An investigation by an independent law firm commissioned by the Boston Celtics revealed that head coach Ime Udoka used rude language towards a female subordinate before engaging in an alleged inappropriate workplace relationship with her. according to Adrian Wojnarowski. Udoka was recently over what the team officially called “team policy violations”.
When the Celtics first learned of the relationship between Udoka and an employee in July, they were led to believe it was consensual, according to The Athletic. However, when the woman accused Udoka of sending unsolicited messages, the team set up an independent investigation.
The findings that caused the team to suspend Udoka for the entire season were a closely guarded secret. During a news conference on the matter on September 22, neither Celtics co-owner Vic Groesbeck nor President of Basketball Operations Brad Stevens discussed the details. Same way,.
“The initial reaction was literally a state of shock,” said Marcus Smart. “We couldn’t believe what we were hearing, especially at the time we heard it right before Media Day. It strikes us from all sides. We’re trying to figure it out just like everyone else. Everyone was in the meeting, we wanted to know, and they told us what they knew, and we proceed from that. It is frustrating in every way not knowing, not understanding, because you don’t know. So just try to focus on the things you can control.”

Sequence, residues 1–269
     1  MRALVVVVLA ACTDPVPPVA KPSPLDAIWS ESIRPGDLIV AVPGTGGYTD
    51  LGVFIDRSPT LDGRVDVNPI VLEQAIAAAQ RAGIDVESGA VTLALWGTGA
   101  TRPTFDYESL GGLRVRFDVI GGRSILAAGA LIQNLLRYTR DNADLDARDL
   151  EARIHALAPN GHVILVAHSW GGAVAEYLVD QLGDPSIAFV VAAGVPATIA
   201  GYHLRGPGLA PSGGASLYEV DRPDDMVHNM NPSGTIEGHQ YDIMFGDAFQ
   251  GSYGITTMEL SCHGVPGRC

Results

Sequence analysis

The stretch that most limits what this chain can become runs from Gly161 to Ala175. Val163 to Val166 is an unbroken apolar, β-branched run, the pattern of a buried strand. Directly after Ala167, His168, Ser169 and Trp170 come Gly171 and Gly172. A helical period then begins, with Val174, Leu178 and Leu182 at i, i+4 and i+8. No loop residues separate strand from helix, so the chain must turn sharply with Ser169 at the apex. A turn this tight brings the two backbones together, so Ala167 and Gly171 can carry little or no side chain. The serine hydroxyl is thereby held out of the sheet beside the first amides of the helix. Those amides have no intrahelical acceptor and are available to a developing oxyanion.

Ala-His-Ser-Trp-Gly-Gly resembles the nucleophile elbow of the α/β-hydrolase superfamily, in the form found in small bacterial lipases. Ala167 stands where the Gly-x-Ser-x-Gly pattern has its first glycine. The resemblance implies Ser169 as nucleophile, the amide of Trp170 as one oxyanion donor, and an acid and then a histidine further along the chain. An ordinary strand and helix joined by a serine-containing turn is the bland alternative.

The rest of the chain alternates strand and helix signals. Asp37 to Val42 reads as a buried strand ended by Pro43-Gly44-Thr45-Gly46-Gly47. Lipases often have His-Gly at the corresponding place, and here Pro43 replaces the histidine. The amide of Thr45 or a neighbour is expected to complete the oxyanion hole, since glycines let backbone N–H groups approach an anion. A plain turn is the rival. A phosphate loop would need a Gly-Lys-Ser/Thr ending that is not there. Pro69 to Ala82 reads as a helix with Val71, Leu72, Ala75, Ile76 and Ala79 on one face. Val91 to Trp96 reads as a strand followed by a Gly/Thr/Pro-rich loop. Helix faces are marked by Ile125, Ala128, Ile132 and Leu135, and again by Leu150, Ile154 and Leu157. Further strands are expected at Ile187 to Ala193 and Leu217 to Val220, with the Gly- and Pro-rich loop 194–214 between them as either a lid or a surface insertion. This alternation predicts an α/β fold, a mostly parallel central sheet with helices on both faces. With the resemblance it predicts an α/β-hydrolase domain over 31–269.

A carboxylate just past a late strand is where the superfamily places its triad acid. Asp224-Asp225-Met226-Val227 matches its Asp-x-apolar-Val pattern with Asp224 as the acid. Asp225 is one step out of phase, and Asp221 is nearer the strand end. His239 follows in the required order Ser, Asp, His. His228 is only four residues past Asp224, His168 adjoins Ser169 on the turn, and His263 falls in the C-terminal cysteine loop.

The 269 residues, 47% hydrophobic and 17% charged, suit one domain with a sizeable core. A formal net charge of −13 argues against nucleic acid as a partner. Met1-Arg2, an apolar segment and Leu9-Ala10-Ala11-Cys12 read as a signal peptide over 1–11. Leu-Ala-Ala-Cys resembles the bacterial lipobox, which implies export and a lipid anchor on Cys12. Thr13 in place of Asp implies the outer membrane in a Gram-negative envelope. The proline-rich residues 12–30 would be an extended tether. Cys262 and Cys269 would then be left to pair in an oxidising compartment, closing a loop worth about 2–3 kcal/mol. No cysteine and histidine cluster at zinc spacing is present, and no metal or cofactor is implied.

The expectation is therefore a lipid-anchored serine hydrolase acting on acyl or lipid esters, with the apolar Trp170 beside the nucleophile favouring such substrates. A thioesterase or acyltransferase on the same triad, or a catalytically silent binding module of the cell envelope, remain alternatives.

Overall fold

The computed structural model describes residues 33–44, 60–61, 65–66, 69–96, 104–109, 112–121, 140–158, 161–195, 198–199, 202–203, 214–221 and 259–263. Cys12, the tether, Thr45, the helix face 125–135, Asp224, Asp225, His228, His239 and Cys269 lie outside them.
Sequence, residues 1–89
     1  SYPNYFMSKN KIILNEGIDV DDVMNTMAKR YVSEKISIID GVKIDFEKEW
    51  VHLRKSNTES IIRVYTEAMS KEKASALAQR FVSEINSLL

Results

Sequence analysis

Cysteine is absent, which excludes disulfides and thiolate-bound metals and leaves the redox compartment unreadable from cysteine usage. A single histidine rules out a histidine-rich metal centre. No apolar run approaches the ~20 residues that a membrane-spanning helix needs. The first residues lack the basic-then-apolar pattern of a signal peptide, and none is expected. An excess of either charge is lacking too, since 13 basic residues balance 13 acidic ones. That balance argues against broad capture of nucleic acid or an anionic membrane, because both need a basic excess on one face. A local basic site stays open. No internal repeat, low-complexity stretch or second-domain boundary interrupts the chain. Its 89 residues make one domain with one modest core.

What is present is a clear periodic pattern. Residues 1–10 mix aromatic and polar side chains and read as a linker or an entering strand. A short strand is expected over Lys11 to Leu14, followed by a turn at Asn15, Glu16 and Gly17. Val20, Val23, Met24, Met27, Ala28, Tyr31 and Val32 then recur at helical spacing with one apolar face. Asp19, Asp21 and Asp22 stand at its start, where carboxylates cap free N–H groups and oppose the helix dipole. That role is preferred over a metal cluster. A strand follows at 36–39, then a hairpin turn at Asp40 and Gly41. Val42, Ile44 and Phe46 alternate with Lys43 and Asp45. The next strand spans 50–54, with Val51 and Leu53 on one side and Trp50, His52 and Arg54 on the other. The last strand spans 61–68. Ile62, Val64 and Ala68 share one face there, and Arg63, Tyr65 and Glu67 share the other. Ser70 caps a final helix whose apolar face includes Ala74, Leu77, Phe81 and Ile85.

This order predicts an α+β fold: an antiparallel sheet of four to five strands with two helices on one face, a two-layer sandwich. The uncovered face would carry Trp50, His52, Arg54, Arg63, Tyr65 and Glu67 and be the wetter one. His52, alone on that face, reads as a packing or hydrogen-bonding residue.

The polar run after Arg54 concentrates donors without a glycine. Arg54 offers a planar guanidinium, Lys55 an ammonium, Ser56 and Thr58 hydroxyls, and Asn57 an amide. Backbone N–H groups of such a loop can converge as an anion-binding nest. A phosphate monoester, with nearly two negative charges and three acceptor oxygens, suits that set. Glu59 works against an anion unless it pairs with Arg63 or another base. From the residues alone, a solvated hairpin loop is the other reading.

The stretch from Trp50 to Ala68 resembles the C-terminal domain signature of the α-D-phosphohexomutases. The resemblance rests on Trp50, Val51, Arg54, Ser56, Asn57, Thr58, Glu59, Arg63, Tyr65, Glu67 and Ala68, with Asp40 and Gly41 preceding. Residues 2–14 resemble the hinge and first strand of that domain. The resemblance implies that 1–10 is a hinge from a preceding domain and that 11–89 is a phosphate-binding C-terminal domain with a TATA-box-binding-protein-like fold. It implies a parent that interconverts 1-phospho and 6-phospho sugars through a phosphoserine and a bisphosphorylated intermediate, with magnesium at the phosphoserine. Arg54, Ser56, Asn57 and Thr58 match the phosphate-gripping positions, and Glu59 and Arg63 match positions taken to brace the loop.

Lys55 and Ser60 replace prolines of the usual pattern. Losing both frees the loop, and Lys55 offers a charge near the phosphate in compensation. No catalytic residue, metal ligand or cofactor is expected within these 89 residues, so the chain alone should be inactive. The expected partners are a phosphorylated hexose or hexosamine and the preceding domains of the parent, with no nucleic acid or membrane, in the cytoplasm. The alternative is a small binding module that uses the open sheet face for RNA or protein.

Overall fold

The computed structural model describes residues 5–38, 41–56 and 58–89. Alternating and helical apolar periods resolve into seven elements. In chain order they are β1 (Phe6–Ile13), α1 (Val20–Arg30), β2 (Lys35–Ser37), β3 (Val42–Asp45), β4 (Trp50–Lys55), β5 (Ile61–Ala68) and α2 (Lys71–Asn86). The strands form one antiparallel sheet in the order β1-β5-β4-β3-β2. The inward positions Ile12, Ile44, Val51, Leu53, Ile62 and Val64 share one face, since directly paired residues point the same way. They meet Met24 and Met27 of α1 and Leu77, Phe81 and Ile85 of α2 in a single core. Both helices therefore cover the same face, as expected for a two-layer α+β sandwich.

Now we have more information. Udoka’s text contained language that “particularly referred to him coming from a workplace boss”, and according to Wojnarowski’s report, it would be difficult for him to ever return as the team’s coach. In addition to the words he used, the imbalance of power between him and the employee contributed to the suspension.
The Celtics named assistant head coach Joe Mazzulla as interim head coach. The 34-year-old has only three years of NBA coaching experience and is two years younger than veteran forward Al Horford. He also has a home battery charge on his resume from college in West Virginia. Stevens said he personally checked on Mazzulla for work when he was hired as an assistant in 2019, and Mazzulla spoke about the incident on media day.
“I made mistakes,” Mazzulla said. “I am not perfect. I hurt people and I had to use the situations I got into when I was young to learn and become better. That’s what I was trying to focus on. I am recreating my identity as a person, how can I rely on my faith, and how can I be a positive influence on the people around me.”
“I am no longer the person I was. As you grow as a person, you constantly have to shape your personality. I didn’t have a personality at a certain point in my life for some reason. How can I develop my personality, how can I find the foundation – which for me is my faith – and then how can I positively influence the people around me, and that’s something I’ve really learned throughout my life.”